Riyadh Metro

Saudi students visit one of BACS consortium partners as part of the JTTP.

Saudi students visit one of BACS consortium partners as part of the JTTP.

Partnerships upskill Saudi workforce

March 2019

The Riyadh Metro project has been a wonderful opportunity to upskill construction capabilities, according to Alwalid A Alekrish, vice-president, projects and programs at the RDA.

“The presence of international construction companies has resulted in knowledge transfer, both to Saudis employed on the project and also to local firms. They’ve learned about new techniques and technologies, as well as delivering to international standards. This has helped raise the game of Saudi construction companies who are increasingly able to compete successfully against international companies at home and abroad,” he comments.

“The quality we’ve demanded from construction firms is very high – a 100-year design life. It’s a lot to ask, but we are building for the future. This will not only benefit passengers, but has also helped Saudi firms move up the value chain,” Alekrish adds.

The metro project is more than building an integrated, multi-modal public transport system – it is also building the industry around it. The requirement to develop a talent pool of Saudi expertise, to ensure as many Saudis as possible are able to take on the roles required to operate, maintain and oversee the system, has mandated that a mechanism of support and training and knowledge transfer be put in place.

The metro is an excellent training ground for a new generation of young Saudi engineers. In addition, both the design-and-build contractors and programme management/construction management (PMCM) consultants have provided good quality off-the-job training.

Among such initiatives is the Joint Technology Transfer Program (JTTP).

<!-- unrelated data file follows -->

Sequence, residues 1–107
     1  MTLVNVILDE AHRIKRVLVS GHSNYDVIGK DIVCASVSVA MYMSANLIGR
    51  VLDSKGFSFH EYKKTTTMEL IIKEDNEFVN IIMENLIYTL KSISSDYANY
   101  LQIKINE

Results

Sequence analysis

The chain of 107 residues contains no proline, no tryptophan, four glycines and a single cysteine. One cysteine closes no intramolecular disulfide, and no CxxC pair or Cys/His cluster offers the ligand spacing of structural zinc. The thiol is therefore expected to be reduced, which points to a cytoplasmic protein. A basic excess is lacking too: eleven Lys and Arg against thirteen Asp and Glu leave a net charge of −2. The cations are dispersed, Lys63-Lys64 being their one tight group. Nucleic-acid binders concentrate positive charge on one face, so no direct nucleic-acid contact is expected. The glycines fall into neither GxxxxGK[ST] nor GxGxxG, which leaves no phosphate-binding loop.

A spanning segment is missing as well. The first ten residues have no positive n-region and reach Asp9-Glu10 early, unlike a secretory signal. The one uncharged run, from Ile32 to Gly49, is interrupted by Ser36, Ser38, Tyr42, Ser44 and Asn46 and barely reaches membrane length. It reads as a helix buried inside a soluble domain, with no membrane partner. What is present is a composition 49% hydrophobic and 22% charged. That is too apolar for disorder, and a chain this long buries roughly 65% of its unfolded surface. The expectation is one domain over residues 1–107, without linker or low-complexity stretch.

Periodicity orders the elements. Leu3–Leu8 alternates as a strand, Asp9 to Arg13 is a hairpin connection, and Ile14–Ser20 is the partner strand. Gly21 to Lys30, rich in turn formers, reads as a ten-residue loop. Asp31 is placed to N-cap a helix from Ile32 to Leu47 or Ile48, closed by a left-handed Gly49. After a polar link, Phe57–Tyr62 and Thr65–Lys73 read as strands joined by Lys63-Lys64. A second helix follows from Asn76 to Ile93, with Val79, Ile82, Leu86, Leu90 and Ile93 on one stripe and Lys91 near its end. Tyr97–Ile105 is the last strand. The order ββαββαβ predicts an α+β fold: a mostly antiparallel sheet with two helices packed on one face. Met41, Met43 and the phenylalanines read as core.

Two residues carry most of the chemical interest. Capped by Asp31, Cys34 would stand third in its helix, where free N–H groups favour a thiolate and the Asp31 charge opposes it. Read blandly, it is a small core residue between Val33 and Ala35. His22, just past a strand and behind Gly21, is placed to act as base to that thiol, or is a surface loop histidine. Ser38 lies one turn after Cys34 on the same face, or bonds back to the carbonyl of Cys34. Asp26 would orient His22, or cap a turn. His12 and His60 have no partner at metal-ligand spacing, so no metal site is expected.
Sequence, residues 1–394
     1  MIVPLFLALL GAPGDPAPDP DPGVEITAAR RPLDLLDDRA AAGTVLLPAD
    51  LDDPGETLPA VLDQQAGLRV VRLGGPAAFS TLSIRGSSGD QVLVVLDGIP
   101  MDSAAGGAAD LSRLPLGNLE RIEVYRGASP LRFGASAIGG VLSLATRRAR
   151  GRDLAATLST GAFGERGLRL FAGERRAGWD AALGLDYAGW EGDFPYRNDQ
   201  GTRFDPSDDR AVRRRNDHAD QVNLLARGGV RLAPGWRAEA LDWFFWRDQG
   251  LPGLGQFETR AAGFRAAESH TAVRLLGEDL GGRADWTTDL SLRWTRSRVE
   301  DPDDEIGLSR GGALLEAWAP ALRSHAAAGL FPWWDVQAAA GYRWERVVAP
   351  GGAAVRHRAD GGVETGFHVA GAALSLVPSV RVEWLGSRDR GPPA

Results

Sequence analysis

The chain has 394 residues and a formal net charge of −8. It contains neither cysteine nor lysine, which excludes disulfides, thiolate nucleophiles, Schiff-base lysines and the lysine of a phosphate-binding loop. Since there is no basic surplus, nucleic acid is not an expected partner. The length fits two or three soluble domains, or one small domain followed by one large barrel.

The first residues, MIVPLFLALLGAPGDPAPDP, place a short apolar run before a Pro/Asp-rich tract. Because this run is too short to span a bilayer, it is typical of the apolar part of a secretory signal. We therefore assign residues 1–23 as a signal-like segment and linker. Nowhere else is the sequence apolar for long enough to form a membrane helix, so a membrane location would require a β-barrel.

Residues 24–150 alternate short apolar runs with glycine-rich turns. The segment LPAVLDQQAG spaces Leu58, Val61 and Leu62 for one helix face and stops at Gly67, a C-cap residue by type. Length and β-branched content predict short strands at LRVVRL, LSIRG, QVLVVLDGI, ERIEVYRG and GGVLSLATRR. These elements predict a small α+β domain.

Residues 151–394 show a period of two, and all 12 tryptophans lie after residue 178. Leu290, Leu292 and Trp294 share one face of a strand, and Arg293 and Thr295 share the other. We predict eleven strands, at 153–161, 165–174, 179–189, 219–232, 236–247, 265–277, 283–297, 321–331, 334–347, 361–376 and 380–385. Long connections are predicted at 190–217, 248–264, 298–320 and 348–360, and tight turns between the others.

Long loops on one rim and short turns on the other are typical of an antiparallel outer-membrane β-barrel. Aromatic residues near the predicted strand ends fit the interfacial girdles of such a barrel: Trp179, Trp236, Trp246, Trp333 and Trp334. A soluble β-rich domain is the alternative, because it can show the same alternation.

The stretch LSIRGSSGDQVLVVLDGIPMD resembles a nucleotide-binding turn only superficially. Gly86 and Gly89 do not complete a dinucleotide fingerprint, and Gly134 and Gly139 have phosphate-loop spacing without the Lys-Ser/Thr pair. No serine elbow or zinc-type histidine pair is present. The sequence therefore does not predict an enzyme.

The three design-and-build consortia (BACS, ANM and FAST) worked with the Riyadh Development Authority (RDA) to establish the JTTP and develop a tailored programme for mainly engineering undergraduates through leading Saudi universities, encompassing a series of technical presentations and workshops, and the enrolment of at least 10 interns each year, shared amongst the three consortia.

The structured internship programme has included visits around the world to home countries of some of the renowned companies engaged through the consortia [FCC (Spain), Bechtel (US),  Siemens and Alstom (France), Samsung (South Korea), and Ansaldo (Italy)], or the supply chain.

Practical experience was also gained in Riyadh during the construction phase which, allied with a series of classroom-based presentations from across the wider public transport project, served to give the students a solid grounding in the project. To date over 180  interns have benefited from the programme, with the obligation to continue being transferred to the future operator. They received their certificates of completion from HRH Prince Mohammed bin Abdulrahman bin Abdulaziz, the deputy governor of Riyadh Region, last October.

Last year also saw the inclusion of Saudi female engineering undergraduates into the programme.

With the appointment of the operation and maintenance contractors for the Riyadh Metro, the efforts of the construction companies in the JTTP will be realised through the Public Transport Institute – with targeted development schemes to equip young engineers, and those involved in the operation and maintenance of the bus and metro system, with the range of skills required for this emerging industry. These will mainly be delivered through a series of 36 week-long workshops, covering construction- and systems-related themes, as well as generic project management activities.  




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